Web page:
Indeed, it was toward the end of the 19th century that wine from the eastern hills of Alba began to make a name for itself. Full credit should be given to Domino Gavazza, ampelographer and director of the Royal Oenological School of Alba.
After purchasing Barbaresco Castle and its vineyards, the professor began a far-sighted development effort, culminating in the founding of the Cantine Sociali di Barbaresco.
The fascist era and the postwar period
The work of an enlightened mind soon became a collective asset, a wine capable of giving identity and fame to a small hillside area east of the city of Alba. In 1934 the Consortium for the Protection of Barolo and Barbaresco Wine was founded, while in 1958 the Barbaresco Producers' Cooperative was established, still one of the most important in the Langhe.
The producers began a fundamental work of zoning Barbaresco, vinifying separately the most prestigious and historic areas of the district.
In the present day
In 1966 Barbaresco was awarded DOC status, and in 1980 it reached the top of the quality pyramid of Italian wines, namely Denominazione di Origine Controllata e Garantita. In 1997, among the first in Italy, the mapping of Additional Geographical Mentions (MGAs) was initiated in order to identify the most vocated areas and enhance the diversity of wines produced within the same appellation. A work that was completed in 2007, three years before that of Barolo.
Since then, Barbaresco has not ceased to amaze. Emancipated from the comparison with Barolo, today it is undoubtedly one of the icons of the Langhe, a wine that is probably emblazoned, but deeply loved by its producers who, in a way that is still entirely artisanal, produce it exalting the difference and quality of its Menzioni, within a small but highly vocated area of southern Piedmont.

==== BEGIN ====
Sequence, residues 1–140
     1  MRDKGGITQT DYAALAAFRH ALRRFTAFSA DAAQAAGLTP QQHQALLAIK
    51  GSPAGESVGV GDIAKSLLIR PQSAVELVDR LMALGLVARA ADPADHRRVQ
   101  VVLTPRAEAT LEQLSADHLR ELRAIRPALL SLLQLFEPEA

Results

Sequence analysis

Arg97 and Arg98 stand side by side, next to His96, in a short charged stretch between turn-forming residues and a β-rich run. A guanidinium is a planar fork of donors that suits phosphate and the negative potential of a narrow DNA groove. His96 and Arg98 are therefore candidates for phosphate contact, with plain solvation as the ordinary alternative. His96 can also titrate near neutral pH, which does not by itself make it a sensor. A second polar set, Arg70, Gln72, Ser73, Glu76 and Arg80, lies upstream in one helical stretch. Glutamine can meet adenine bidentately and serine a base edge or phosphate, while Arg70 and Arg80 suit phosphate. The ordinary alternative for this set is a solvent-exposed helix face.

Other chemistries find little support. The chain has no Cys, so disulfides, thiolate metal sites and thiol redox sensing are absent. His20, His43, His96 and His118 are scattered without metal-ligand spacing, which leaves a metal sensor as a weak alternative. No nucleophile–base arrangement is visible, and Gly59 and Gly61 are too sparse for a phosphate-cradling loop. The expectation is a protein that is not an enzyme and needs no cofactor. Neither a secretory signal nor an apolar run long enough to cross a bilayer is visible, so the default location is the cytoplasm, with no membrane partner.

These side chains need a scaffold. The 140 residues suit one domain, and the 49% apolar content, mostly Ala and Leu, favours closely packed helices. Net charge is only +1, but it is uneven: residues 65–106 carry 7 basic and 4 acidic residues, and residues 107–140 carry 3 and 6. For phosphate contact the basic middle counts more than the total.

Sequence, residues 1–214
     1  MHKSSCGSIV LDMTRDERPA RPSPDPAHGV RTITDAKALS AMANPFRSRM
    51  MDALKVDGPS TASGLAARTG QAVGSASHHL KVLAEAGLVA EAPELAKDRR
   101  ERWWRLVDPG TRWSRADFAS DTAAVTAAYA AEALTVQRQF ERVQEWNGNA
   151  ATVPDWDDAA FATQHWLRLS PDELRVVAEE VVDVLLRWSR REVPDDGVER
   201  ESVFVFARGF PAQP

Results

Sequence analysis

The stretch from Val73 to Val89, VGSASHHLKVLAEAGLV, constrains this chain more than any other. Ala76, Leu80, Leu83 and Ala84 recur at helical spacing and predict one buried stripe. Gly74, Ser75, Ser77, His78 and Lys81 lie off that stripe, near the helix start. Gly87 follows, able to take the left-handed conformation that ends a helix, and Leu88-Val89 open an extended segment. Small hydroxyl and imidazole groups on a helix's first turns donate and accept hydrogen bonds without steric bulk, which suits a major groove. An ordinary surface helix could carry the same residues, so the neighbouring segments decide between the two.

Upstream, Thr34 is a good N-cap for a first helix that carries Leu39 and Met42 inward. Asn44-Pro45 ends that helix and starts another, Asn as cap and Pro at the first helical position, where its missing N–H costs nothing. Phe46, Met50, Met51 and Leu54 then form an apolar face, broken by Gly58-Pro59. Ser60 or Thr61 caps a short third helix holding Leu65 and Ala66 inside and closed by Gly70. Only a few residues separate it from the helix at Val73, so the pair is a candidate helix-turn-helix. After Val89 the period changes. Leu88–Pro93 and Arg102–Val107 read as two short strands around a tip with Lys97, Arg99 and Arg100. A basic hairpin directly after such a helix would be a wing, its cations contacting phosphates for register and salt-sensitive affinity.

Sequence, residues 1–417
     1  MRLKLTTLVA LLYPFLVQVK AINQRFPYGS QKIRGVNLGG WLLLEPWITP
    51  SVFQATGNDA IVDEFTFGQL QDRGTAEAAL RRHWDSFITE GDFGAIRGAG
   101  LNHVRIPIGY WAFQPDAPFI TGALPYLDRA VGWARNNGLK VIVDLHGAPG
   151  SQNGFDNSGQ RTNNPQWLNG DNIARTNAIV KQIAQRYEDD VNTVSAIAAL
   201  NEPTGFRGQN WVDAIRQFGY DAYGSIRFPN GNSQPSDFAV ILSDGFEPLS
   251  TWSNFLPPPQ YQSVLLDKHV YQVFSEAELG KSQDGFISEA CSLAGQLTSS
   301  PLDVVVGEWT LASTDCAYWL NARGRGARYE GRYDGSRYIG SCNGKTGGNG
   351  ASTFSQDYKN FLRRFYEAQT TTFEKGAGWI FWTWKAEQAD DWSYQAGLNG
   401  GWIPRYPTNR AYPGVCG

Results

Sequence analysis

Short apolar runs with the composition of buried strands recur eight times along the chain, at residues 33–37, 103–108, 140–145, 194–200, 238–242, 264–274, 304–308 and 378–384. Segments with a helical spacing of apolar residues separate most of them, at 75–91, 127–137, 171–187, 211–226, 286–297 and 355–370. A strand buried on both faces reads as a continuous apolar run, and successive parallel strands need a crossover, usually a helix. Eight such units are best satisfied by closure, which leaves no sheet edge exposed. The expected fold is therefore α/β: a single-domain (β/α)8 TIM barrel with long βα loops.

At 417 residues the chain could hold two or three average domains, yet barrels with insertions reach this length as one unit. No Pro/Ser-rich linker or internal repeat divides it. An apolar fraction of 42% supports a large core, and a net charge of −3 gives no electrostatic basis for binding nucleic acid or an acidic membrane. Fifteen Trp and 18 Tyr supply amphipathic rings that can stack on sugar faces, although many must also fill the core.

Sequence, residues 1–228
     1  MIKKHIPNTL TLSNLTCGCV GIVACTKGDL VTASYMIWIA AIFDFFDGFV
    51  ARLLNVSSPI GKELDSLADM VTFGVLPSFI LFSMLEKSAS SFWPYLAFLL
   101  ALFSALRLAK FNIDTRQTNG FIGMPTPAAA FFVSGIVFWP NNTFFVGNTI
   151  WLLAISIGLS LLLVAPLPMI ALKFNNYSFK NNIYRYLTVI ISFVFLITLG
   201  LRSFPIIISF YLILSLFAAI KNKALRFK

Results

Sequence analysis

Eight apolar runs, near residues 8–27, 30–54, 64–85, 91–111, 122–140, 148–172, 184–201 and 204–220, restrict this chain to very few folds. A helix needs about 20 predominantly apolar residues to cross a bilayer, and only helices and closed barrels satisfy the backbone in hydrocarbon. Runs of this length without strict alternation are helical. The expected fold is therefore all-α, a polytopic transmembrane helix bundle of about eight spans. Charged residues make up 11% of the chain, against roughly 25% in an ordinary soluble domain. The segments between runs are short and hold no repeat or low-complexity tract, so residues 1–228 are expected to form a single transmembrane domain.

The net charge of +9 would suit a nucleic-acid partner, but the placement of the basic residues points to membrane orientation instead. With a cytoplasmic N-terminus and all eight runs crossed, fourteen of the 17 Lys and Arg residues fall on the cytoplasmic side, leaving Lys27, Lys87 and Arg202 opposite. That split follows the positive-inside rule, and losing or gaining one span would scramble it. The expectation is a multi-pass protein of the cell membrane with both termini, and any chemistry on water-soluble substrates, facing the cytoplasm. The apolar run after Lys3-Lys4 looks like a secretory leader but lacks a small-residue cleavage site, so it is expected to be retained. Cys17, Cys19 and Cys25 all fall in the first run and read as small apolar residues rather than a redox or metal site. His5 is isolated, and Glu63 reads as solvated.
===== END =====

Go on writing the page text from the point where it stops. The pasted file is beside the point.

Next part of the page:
The area, bounded to the north by the Tanaro River and to the east by the foothills of Monferrato, covers about 1,500 hectares under vine, 700 of which are planted with nebbiolo, the only grape variety allowed for winemaking.
Here vines grow luxuriantly and neatly at altitudes between 300 and 550 meters above sea level. They rest on soils that originated in the Tertiary era from the surfacing of ancient seabed. These are, mainly, marls rich in limestone and trace elements, with more or less prominent portions of sand.
Although fairly homogeneous, the Barbaresco area can be differentiated into two distinct areas: Treiso, San Rocco Seno d’Elvio and Neive (especially the part south of the town), belong to the so-called “Lequio Formations,” characterized by layers of compact gray marls alternating with layers of sand.
The soils of Barbaresco and the part between this municipality and Neive, in contrast, show soils marked by bluish, calcareous marls, the famous “Marne di Sant’Agata Fossili.”
While the Lequio Formation mainly affects the structure, giving full-bodied, austere and crisp expressions of Barbaresco, the Marne di Sant’Agata stands out for giving extremely elegant, fine wines with an almost “feminine” character.
Crus / MGA
Piedmont’s noblest red grape needs to grow in a carefully chosen environment and growing conditions. It sprouts early and the fruit generally ripens in mid October. The bunch is medium to large, a winged pyramid shape with medium to small grapes having a consistent blue-black skin with violet nuances. This is the vine that produces Barolo and Barbaresco, Nebbiolo d’Alba... you can read more about Nebbiolo here.
A wine of great class and yet never redundant, Barbaresco stands out among the great reds for its ability to be deep and fresh, complex and uncomplicated, noble but not snobbish.
It can be uncorked at any time because of its finesse, harmony of aromas and a structure that does not weigh down either the palate or the stomach.
As Dominico Gavazza wrote:
To you [Barbaresco] every hour is auspicious and every victuals good companion!